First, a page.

A DERELICT church is to be transformed into a medical centre for two GP practices.

Holy Trinity Church in Hove has been empty for about eight years and was facing the possibility of demolition.

Plans to turn the church in Blatchington Road into a new home for Sackville Medical Centre and Central Hove Surgery have now been approved by Brighton and Hove City Council.

The centre will take over three floors of the Grade II listed church building and there will also be a pharmacy.

The council received hundreds of letters of support for the proposals, including one from former Hove MP Mike Weatherley.

Sackville Medical Centre, in Sackville Road and Central Hove Surgery, in Ventnor Villas, have been looking for new premises and say the move will improve services and facilities for thousands of patients.

Central Hove Surgery practice manager Amanda Jones said: “Central Hove Surgery is delighted that the development of this landmark, but currently unused building has finally been given the go ahead. The new premises will help us provide the best care for our patients and for the future we will be able to offer the residents of Hove a much broader range of medical services in a fit for purpose, modern primary care setting.”

Those in favour of the plans said the current surgeries were full to capacity and not fit for purpose and modern facilities would help the community.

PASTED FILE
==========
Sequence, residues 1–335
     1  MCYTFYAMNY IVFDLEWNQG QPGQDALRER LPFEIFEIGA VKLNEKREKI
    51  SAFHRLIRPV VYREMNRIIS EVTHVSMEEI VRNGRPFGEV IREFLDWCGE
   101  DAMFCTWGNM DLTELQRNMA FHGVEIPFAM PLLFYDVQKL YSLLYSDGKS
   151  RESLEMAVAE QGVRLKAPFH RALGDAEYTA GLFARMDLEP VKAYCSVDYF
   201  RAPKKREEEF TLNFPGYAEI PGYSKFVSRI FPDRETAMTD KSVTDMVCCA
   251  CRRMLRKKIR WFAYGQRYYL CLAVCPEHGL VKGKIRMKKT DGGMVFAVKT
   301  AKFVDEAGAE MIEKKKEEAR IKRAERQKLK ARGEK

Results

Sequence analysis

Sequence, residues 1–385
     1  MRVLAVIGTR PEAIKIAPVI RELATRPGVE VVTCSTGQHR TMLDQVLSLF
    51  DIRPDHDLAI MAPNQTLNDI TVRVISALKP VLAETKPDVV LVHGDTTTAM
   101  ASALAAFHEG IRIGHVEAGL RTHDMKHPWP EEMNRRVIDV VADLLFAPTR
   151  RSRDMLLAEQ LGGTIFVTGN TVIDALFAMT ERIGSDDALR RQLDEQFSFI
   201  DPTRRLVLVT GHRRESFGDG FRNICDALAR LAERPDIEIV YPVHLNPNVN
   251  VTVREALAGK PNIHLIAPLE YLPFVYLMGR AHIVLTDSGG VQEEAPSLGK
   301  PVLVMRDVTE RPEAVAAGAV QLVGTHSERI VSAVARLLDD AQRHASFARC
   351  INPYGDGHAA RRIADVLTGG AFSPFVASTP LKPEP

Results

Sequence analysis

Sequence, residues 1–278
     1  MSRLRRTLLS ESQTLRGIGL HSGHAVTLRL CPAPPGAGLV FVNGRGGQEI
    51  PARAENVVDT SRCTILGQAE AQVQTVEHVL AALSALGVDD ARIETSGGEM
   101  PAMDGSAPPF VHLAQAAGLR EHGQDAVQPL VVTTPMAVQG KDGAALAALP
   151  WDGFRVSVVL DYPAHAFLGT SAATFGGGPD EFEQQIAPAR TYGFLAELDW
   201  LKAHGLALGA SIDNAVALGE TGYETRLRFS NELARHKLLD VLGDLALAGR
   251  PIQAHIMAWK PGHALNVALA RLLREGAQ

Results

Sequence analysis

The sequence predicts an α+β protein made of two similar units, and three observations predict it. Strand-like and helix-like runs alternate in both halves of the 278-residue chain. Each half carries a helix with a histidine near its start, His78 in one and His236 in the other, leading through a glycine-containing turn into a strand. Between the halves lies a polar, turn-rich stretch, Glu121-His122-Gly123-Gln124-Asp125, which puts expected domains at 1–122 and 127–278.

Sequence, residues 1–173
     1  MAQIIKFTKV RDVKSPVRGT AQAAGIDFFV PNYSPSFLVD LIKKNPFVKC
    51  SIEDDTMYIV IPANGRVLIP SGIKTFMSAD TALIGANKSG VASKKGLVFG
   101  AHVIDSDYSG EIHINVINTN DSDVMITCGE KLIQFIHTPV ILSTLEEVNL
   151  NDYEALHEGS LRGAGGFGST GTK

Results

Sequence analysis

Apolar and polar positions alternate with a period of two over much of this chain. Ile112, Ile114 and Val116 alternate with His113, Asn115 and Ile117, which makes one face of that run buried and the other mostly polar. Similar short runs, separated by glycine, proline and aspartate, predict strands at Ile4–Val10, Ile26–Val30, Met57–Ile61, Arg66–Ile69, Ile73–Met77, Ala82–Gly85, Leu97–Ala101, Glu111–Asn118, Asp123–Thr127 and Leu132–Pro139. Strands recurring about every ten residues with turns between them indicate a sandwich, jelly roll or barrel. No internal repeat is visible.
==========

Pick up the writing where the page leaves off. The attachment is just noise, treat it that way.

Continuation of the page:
Opponents said they were unhappy with the design and had concerns about the planned removal of stained glass windows, the proposed roof lights and the provision of a pharmacy.

They said the pharmacy would have a bad impact on other pharmacies in the area.

The Victorian Society acknowledged the need to find a viable use for the church but objected to the plans, saying the conversion involved numerous harmful alterations.

Valerie Paynter from Save Hove said the application should not have been approved because it did not contain enough detailed information and was not ready for proper analysis.

She said the listed integrity of the church and the listed wall would be compromised and almost certainly lost by the changes being proposed.

The report concluded the proposed works would cause less than substantial harm to the listed building and “no significant adverse effects” upon the amenities of the neighbouring properties were expected.